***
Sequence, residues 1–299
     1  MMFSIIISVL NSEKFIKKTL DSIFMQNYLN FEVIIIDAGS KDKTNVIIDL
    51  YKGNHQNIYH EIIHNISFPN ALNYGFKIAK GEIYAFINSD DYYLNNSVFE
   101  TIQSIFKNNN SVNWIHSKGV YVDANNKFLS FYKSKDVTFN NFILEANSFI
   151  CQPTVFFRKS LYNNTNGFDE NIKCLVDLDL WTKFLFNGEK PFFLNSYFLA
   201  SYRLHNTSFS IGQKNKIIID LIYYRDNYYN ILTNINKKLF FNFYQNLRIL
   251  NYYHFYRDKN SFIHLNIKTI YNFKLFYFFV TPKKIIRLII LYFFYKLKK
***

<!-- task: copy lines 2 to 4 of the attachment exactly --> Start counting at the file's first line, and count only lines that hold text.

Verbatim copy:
     1  MMFSIIISVL NSEKFIKKTL DSIFMQNYLN FEVIIIDAGS KDKTNVIIDL
    51  YKGNHQNIYH EIIHNISFPN ALNYGFKIAK GEIYAFINSD DYYLNNSVFE
   101  TIQSIFKNNN SVNWIHSKGV YVDANNKFLS FYKSKDVTFN NFILEANSFI